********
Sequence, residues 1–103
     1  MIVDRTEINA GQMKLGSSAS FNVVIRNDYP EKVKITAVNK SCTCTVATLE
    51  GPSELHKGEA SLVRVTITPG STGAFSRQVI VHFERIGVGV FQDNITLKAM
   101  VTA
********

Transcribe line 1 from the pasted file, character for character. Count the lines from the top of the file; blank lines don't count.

Sequence, residues 1–103